CORPORATIONS ACT 2001
|CHAPTER 5 - EXTERNAL ADMINISTRATION
|PART 5.4B - WINDING UP IN INSOLVENCY OR BY THE COURT
SECTION 467 COURT'S POWERS ON HEARING APPLICATION
Subject to subsection (2) and section 467A, on hearing a winding up application the Court may:
(a) dismiss the application with or without costs, even if a ground has been proved on which the Court may order the company to be wound up on the application; or
(b) adjourn the hearing conditionally or unconditionally; or
(c) make any interim or other order that it thinks fit.
The Court must not refuse to make a winding up order merely because:
(a) the total amount secured by one or more security interests in the property of the company is equal to or greater than the value of the property subject to the interest (or interests); or
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(b) the company has no property.
S 467(2) amended by No 96 of 2010, s 3, Sch 1, Pt 6 (effective 30 January 2012).
The Court may, on the application coming on for hearing or at any time at the request of the applicant, the company or any person who has given notice of intention to appear on the hearing of the application:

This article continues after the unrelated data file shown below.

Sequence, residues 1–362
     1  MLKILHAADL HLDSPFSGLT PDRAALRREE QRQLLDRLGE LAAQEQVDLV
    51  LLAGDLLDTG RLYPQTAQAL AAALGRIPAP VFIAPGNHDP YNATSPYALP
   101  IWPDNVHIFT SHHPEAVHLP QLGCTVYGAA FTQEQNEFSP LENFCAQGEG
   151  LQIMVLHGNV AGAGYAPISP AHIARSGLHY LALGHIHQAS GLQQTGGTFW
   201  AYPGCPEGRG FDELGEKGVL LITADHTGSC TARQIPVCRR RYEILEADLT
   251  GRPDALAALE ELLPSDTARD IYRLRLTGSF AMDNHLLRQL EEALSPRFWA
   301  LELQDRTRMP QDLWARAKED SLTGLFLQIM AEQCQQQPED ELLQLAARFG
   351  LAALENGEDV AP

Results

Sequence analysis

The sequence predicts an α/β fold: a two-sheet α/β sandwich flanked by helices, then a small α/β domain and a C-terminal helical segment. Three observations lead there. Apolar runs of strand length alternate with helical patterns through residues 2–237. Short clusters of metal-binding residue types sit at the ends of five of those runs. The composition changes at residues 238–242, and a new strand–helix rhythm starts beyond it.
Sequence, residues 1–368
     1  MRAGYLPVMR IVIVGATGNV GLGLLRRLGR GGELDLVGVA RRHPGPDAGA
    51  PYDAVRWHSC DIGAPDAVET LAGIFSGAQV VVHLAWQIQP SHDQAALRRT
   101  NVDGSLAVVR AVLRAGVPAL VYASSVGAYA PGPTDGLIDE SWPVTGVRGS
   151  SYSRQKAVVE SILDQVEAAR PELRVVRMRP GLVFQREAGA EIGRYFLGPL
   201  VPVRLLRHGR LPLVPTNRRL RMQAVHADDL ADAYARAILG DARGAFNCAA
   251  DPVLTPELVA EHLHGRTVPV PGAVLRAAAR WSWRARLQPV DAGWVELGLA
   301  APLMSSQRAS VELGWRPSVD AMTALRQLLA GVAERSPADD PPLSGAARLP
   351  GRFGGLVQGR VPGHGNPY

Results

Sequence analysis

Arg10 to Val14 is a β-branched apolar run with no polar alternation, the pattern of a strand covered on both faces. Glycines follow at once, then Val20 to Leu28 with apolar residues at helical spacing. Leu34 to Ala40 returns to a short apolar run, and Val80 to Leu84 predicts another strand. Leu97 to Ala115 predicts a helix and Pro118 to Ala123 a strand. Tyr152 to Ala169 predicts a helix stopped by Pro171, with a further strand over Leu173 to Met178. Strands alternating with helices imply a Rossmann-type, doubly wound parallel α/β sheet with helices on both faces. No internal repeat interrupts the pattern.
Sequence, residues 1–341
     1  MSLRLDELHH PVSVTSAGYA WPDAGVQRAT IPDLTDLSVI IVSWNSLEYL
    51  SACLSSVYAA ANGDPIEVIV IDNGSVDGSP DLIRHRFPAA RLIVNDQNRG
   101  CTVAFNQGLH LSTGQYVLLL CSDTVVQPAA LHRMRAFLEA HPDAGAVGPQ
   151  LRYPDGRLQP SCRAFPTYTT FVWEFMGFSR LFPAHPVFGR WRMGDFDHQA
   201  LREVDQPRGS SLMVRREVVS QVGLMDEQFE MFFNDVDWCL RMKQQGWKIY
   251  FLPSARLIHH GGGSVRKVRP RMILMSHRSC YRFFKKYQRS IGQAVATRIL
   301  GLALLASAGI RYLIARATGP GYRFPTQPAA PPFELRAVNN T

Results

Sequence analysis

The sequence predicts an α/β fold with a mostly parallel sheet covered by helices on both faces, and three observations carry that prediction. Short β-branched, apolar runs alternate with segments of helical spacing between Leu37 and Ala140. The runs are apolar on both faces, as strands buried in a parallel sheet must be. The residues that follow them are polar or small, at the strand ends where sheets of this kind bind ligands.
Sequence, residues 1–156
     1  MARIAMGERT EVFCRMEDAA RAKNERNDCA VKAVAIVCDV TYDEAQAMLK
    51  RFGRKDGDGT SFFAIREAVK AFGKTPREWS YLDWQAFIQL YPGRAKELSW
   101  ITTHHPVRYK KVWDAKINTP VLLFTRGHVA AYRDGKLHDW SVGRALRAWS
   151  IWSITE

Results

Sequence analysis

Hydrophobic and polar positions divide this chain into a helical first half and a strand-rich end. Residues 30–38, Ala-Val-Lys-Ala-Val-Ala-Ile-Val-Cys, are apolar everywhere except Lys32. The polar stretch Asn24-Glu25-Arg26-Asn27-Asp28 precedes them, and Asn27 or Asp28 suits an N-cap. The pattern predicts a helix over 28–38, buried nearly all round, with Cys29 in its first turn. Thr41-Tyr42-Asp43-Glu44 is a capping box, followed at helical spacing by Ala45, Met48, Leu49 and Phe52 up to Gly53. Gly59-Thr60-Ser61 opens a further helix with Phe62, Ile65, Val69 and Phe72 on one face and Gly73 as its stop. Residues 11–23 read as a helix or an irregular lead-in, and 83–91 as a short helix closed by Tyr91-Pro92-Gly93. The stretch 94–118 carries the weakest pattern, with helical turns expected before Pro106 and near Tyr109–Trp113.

(a) direct that any notices be given or any steps be taken before or after the hearing of the application; and
(b) dispense with any notices being given or steps being taken that are required by this Act, or by the rules, or by any prior order of the Court; and
(c) direct that oral evidence be taken on the application or any matter relating to the application; and
(d) direct a speedy hearing or trial of the application or of any issue or matter; and
(e) allow the application to be amended or withdrawn; and
(f) give such directions as to the proceedings as the Court thinks fit.
Where the application is made by members as contributories on the ground that it is just and equitable that the company should be wound up or that the directors have acted in a manner that appears to be unfair or unjust to other members, the Court, if it is of the opinion that:
(a) the applicants are entitled to relief either by winding up the company or by some other means; and
(b) in the absence of any other remedy it would be just and equitable that the company should be wound up;
must make a winding up order unless it is also of the opinion that some other remedy is available to the applicants and that they are acting unreasonably in seeking to have the company wound up instead of pursuing that other remedy.
Notwithstanding any rule of law to the contrary, the Court must not refuse to make an order for winding up on the application of a contributory on the ground that, if the order were made, no property of the company would be available for distribution among the contributories.
[CCH Note: There is no subsection 467(6).]
At any time after the filing of a winding up application and before a winding up order has been made, the company or any creditor or contributory may, where any action or other civil proceeding against the company is pending, apply to the Court to stay or restrain further proceedings in the action or proceeding, and the Court may stay or restrain the proceedings accordingly on such terms as it thinks fit.